Sidearmer Sandlin has career back on track

March 13th, 2021
Courtesy of Cleveland Indians

GOODYEAR, Ariz. -- For the first time since June 2019, Nick Sandlin is back in game action.

Sandlin waited 20 months to have the rush of competing again. And after a solid spring debut on Monday, his second outing in Cleveland's 5-4 loss to the Giants on Saturday was even stronger. The 24-year-old was called on with one out and the bases loaded in the third, and he issued back-to-back strikeouts to escape the jam.

Sandlin is a sidearm-throwing right-hander who was the Tribe’s No. 30 prospect entering 2020, according to MLB Pipeline, but fell out of the Top 30 rankings after spending the late part of 2019 and early 2020 rehabbing his way back from right forearm surgery. He was limited to pitching at the Tribe’s alternate training site.

Sandlin was selected in the second round of the 2018 MLB Draft, and quickly made his way from the Rookie League to Double-A during the ’18 season. His fast progression generated whispers, wondering if this newly drafted 21-year-old was somehow going to jump all the way to the Majors.

“People talked about it, but at the end of the day, you gotta pitch where you're at and be where your feet are,” Sandlin said. “You gotta control pitches as good as you can to get to where you want to be. It was a wild couple months there, but it was a fun experience, I'll say that.”

But then, he started feeling discomfort in his forearm.

He continued pitching, but eventually the pain got too bad. In 2019, Sandlin was shut down with a stress fracture in his forearm in June before he decided to undergo surgery in August. He received a plate and six screws from the procedure and started working through his rehab at Spring Training last year. But just as he was getting into it, the COVID-19 pandemic forced him to finish his rehab on his own.

Sandlin then spent the year at the Tribe’s alternate training site in Lake County, Ohio, facing his teammates day after day in intrasquad scrimmages, trying to showcase that his surgery did not hinder his development. Although it wasn’t the year he was hoping for after missing the second half of the 2019 season, Sandlin said he did his best to take advantage of pitching at the alternate site.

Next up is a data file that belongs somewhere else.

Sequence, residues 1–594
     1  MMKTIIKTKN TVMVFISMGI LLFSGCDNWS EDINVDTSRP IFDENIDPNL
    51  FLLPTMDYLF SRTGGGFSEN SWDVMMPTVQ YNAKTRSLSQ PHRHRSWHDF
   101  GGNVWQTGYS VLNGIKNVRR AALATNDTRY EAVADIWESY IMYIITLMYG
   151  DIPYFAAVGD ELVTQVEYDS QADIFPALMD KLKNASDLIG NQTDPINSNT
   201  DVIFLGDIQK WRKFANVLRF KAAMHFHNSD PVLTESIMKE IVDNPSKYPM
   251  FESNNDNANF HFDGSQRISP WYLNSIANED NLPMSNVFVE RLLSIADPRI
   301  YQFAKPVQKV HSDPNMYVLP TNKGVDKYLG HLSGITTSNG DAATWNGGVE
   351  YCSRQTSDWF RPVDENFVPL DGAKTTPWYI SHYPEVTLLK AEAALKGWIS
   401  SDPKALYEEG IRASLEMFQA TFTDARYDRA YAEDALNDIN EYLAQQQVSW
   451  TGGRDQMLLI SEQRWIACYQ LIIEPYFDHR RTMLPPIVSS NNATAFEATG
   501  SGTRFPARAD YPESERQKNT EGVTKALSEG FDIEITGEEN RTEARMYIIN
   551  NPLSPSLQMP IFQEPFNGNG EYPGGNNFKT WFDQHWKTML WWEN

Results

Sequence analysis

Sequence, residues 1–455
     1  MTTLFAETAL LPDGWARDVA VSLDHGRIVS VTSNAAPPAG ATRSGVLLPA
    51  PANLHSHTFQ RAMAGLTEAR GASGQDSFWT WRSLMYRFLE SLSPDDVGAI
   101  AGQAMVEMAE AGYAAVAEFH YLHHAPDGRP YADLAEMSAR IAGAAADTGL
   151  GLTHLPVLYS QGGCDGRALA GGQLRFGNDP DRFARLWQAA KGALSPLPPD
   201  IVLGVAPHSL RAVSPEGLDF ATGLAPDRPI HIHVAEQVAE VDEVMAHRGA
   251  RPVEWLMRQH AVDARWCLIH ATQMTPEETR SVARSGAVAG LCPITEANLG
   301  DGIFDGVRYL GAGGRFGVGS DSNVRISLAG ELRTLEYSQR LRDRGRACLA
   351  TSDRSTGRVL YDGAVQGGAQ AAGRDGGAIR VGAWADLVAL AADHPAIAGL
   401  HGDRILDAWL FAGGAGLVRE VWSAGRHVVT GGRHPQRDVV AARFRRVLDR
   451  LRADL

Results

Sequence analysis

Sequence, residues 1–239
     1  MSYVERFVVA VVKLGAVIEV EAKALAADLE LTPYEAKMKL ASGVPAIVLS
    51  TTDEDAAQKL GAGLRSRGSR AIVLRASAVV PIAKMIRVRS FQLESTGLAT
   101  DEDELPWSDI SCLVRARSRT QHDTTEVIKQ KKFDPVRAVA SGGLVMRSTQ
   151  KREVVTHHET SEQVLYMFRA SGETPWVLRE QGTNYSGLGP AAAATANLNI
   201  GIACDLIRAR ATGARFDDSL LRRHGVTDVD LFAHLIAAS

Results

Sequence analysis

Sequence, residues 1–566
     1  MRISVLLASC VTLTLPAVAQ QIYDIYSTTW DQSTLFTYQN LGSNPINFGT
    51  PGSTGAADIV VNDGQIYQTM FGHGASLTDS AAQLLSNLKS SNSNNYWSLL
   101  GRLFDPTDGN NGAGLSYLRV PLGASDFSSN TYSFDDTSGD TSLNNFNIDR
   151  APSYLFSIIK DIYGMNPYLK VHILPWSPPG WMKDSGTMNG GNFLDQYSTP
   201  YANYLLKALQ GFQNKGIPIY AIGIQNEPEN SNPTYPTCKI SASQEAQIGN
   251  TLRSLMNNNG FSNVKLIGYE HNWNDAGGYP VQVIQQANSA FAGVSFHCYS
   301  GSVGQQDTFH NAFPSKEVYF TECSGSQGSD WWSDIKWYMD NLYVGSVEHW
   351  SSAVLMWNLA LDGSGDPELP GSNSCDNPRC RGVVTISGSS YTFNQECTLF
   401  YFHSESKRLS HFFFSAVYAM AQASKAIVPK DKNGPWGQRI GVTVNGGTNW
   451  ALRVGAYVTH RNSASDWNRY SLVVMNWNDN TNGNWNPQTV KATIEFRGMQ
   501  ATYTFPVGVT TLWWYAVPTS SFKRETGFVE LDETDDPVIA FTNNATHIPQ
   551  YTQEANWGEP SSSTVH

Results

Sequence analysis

“I think everyone took what we could from it,” Sandlin said. “We tried to stay ready for the season, obviously if they needed us, and then, you know, competing against the same guys for three months got a little difficult there then but we made the most of it.”

The biggest takeaway for Sandlin was there was no pain. He was finally healthy and back on the mound. The sidearmer doesn’t have overpowering stuff, but he’s able to keep hitters off balance by mixing his five different pitches from three different arm slots. According to Sandlin, it’s a throwing style he developed in his junior year of high school.

“It was the pitching coach's idea,” he said. “We had a guy who threw that way and he graduated and we were kind of maybe, I guess, trying to replace him. … Just really committed to it and it kind of took off from there. I started being successful with it my junior year and I don't know if I knew it was going to take me all the way to here, but definitely glad I made that switch.”

Sandlin said he looked up to Joe Smith and Steve Cishek while he was trying to also become a sidearm hurler in professional baseball. It’s worked for him thus far, as he posted a collective 3.00 ERA in four different levels in 2018 and a 2.39 ERA between Double- and Triple-A in 2019 while battling through his forearm discomfort.

While it’s frustrating for any player to have to step away to address an injury, Sandlin was able to limit his time away and now has performed well in two Spring Training outings.

“I'd say it was more relieving than anything,” Sandlin said. “It's been a while. I was thinking about it in the bullpen out there, I think it was around 20 months or so. It was a lot of fun. Just looking to get back out there soon and just competing against other guys and seeing hitters you haven't faced before.”